This paper will trace some of the ways in which Lewis Carroll’s Alice Adventures in Wonderland (1865) was taken up with psychedelic and countercultural contexts during the 1960s. Using Jonathan Miller’s 1965 television adaptation as a starting point, it will focus on how the story’s portrayal of the heightened and altered perspectives of childhood and the natural world provided a fitting model for the countercultural pastoral, identifying a “mood” and set of thematic tropes that would inform several psychedelic films and records of the period.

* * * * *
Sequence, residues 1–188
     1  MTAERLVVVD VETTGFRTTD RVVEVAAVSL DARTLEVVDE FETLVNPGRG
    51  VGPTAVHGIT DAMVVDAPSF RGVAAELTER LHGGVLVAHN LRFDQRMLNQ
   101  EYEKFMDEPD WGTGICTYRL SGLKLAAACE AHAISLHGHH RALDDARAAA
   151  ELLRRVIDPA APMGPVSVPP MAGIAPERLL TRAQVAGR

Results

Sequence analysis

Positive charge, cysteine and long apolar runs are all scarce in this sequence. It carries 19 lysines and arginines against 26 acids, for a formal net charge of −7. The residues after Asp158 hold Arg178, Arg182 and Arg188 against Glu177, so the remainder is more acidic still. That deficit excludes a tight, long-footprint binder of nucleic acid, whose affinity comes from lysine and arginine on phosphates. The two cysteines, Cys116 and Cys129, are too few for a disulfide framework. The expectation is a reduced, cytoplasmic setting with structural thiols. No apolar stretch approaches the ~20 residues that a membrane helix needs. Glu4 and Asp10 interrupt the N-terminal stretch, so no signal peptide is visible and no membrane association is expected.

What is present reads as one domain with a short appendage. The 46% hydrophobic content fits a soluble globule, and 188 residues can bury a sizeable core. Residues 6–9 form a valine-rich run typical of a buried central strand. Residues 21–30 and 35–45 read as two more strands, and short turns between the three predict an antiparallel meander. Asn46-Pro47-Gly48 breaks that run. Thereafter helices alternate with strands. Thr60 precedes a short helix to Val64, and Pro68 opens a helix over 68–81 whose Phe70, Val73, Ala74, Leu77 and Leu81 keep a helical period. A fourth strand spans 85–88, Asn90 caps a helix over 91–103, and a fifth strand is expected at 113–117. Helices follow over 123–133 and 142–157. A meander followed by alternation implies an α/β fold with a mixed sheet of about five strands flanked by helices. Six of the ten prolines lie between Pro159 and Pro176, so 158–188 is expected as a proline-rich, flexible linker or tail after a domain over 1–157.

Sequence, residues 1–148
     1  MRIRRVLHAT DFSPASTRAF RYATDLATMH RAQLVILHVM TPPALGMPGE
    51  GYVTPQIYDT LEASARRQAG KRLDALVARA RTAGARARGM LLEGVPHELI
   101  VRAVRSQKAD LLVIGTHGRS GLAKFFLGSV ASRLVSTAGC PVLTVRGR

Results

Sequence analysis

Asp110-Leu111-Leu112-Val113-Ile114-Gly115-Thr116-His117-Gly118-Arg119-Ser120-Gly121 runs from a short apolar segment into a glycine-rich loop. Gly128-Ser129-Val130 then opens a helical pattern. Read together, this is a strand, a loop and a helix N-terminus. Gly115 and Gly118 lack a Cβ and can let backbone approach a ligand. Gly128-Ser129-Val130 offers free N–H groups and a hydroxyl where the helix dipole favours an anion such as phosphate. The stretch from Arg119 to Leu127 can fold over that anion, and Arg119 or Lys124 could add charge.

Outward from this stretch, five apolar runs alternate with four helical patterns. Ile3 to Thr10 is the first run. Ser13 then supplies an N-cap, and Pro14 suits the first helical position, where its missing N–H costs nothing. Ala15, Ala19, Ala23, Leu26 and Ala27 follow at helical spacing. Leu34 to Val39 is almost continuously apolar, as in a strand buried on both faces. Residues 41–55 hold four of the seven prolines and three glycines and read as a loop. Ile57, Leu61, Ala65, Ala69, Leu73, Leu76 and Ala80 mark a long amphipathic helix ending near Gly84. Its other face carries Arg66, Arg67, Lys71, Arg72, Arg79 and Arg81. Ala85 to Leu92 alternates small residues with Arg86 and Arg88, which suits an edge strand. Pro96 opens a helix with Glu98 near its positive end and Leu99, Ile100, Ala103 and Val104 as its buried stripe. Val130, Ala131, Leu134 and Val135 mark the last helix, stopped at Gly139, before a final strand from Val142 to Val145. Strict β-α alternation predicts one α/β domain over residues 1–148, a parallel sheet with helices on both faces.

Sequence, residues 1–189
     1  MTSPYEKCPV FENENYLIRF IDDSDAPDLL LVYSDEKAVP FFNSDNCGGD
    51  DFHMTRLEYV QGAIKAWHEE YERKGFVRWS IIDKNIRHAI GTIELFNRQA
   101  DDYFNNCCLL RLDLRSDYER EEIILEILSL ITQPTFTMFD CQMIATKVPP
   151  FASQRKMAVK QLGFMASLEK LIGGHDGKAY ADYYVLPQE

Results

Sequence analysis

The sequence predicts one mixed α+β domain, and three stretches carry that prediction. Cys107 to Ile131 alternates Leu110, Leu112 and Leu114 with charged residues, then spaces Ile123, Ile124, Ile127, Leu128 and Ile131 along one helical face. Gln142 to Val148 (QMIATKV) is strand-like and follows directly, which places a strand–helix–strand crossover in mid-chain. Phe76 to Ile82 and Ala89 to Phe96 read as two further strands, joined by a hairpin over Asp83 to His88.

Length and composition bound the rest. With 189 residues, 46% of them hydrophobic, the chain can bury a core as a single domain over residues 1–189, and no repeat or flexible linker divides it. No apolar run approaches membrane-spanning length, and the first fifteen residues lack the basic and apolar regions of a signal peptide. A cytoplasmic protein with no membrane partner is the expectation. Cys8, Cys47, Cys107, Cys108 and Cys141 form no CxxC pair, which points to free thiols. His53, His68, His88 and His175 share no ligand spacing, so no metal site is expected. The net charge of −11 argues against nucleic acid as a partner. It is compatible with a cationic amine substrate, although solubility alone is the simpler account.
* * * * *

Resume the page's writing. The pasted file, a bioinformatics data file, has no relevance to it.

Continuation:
Dr Sophia Satchell-Baeza is a writer, lecturer and occasional programmer. Her PhD thesis at King’s College London looked at British psychedelic films and light shows of the Long 1960s, and was supported by the Arts and Humanities Research Council. She is an Associate Lecturer at London College of Communication, and an Associate Research Fellow at the Cinema and Television History Research Institute at De Montford University, Leicester. She teaches on a range of Film and Animation modules at King’s College London, London South Bank University and the University of Hertfordshire.
Friday 17 May 2019
Lewis Carroll and Guildford: Life at The Chestnuts and in Surrey
by Matt Pinches